• Demographic movement from country to cities

Reformation led to need for better educated clergy. Growing commerce led to need for literate clerks- and lawyers. Growing empires needed educated bureaucrats

All this created more schools, and better opportunities- keys for social advancement. (at least for men)

family life and status of women
Family Life and Status of Women
  • 1/5- ¼ of children born didn’t survive to grow up. Childbirth the leading killer of women- 1 in 10 births fatal for mother. Average lifespan for men 27, for women 25. Husband head of the house- wife his “helper
  • Bloodletting still common treatment

for illness.

  • During bad econ times people limited the

# of children- married later.

  • Sensuality characteristic of the era- voluptuous women, muscular men.
  • Homosexuality mentioned in literature, prostitutes common.
witch hunting
Witch Hunting
  • Had always existed. 1550-1648 the last great “burst” 100,000 arrest, 60,000 executed (mostly women)
  • Linked to heresy- a result of economic problems (scapegoating)
  • Almost as if they are getting it out of their system as they move towards scientific revolution
  • Women considered “weaker” then men, more prone to temptation- they represented 80% of victims. Generally unmarried (esp. unmarried and in middle age- independent women automatically suspicious.) Midwives most common target.
regional economic and social variation
Regional Economic and Social Variation
  • 1550-1648 balance of economic power changed. Southern Europe’s dominance declines- replaced by Northwest. (Mediterranean trade down- Atlantic up)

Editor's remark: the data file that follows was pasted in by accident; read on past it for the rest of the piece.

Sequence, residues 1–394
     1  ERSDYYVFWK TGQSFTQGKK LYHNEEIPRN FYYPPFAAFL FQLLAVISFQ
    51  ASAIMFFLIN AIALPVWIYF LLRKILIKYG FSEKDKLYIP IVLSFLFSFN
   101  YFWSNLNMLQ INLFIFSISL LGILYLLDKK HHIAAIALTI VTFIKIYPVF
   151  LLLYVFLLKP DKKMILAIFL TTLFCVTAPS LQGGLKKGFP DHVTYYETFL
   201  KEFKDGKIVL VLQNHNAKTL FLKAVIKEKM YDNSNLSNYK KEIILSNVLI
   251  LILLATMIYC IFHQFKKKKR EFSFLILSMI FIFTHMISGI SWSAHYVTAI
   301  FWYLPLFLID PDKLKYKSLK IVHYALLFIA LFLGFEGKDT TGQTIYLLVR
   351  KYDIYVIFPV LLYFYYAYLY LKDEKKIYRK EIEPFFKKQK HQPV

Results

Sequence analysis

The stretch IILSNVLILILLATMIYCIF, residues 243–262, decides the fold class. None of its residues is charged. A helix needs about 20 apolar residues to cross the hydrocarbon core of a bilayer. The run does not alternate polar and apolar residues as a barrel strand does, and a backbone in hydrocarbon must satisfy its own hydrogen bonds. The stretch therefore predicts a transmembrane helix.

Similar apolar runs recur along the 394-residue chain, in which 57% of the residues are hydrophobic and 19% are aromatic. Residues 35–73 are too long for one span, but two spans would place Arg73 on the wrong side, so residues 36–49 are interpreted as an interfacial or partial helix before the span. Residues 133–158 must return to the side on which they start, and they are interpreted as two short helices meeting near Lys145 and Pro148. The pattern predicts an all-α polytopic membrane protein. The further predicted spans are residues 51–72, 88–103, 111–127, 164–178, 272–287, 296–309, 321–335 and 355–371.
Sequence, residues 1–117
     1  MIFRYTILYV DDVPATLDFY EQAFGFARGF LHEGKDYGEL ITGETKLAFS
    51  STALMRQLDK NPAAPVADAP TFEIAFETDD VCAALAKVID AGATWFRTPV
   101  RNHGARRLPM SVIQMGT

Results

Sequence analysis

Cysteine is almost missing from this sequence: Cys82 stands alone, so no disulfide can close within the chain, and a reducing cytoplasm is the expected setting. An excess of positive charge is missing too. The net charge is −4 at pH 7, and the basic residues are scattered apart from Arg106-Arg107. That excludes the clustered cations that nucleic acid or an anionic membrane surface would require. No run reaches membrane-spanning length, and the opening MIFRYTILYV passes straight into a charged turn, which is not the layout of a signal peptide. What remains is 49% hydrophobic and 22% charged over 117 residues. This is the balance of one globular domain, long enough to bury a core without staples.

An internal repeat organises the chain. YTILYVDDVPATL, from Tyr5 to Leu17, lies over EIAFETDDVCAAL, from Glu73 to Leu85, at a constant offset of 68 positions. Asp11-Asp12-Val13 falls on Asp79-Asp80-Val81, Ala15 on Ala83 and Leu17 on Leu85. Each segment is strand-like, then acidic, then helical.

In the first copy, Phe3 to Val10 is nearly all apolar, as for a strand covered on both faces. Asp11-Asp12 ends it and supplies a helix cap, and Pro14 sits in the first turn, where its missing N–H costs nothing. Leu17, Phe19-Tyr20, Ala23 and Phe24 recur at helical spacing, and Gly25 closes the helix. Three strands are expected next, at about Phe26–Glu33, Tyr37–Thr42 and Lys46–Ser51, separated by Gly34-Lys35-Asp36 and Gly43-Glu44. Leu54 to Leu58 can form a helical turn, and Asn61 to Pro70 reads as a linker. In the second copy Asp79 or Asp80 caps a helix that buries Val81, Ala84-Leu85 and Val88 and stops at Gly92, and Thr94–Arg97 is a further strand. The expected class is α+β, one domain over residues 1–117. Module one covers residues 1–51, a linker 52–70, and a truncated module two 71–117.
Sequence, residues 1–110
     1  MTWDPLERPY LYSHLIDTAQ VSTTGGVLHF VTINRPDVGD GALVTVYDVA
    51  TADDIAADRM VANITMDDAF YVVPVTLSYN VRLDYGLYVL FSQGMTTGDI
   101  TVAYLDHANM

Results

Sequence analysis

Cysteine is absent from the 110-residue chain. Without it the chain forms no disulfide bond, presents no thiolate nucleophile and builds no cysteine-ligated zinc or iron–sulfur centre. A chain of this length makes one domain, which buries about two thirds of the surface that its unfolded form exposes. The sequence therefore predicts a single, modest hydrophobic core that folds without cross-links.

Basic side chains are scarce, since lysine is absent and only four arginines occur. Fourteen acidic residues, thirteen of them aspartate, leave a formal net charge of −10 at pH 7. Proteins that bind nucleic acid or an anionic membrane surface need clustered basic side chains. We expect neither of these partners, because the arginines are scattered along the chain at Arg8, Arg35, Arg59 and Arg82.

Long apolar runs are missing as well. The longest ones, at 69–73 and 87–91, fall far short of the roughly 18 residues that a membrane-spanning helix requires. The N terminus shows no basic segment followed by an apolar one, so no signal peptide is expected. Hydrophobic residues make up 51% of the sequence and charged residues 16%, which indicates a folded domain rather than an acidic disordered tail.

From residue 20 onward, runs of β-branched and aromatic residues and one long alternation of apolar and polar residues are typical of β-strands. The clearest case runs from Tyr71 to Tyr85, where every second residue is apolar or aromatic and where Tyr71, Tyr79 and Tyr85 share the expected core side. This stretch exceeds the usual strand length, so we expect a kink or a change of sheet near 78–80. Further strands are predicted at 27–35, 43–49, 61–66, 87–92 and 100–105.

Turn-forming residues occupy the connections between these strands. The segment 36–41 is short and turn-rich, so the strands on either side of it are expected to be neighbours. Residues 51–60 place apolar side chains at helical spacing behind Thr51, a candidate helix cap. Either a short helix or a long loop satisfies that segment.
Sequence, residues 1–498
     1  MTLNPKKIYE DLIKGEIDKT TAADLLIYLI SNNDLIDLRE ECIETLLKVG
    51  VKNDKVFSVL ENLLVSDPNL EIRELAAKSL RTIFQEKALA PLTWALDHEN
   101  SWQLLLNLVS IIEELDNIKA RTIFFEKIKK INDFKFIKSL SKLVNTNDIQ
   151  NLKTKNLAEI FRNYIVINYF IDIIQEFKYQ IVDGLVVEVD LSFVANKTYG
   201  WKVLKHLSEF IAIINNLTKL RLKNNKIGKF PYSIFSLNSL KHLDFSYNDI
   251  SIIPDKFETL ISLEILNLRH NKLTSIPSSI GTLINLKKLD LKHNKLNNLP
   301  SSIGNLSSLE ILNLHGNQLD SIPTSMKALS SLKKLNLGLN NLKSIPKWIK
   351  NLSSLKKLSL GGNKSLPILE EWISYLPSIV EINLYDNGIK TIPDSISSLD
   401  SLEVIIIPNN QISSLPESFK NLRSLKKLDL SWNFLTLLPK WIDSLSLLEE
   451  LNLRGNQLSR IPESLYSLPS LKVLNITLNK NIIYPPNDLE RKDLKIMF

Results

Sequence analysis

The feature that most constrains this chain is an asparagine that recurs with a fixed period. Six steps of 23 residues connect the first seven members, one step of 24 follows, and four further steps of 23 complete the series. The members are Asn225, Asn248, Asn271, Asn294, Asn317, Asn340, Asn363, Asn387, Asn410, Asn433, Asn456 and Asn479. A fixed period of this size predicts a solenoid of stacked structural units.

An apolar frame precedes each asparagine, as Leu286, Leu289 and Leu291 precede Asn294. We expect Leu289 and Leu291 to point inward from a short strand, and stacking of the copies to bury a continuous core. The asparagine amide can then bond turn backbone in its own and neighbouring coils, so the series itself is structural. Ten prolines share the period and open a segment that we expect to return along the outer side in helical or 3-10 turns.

• Spain starts hurting- not commercial based- and commerce is what’s growing.
  • Economic changes will be as impactful as ideas of Renaissance/Reformation in changing lives. A transformation of way things are done is beginning
  • Eastern Europe- still feudal agricultural system. Nobles benefitted from changes, Peasants did not.
art and literature
Art and Literature

Renaissance art was an explosion of new ideas- which shifted into new area/forms as time period continued

art mannerism
Art: Mannerism
  • Reaction to Renaissance art. During 1520-30s artists deliberately distorted renaissance principles (like perspective- mannerists like to elongate) to convey a message- often of stress (anxiety/suffering) or escape from reality.
  • El Greco: used odd color and effects to convey message
  • Concept was that high renaissance had taken art to “perfection”- couldn’t be improved, so it went in a new direction.
  • Liked unnatural colors and shapes
  • Tintoretto: Venetian. Used twisted poses and compression of shape
  • El Greco- worked in Spain- shows their moment of power
  • Originated in Italian states around 1600- (named for baroque pearls). Popular in RC territories
  • Meant to evoke passion and mystery as opposed to harmony. Used grandeur (not simplicity) dramatic color and shading- energetic figures
  • Peter Paul Rubens
  • Artemisi Genti’leschi
  • Associated with the Church and counter reformation- sought to overwhelm the viewers- create a dramatic experience.
  • Popular with absolutist kings as well church
  • Caravaggio
  • Diego Velasquez
architecture sculpture
  • Again, trying to create a sense of grandeur. Massive interiors of palaces and popes filled with sculptures and spirit- larger than life.
  • Gian Lorenzo Bernini- finished St. Peters. The “throne of St. peter” seems to hover in the air surrounded by clouds and angels
  • Baroque architecture the style of the great palaces- Versailles, Schoenbrunn, the Hermitage
  • Bernini also did the “Ecstasy of St. Theresa” and fountains all over Rome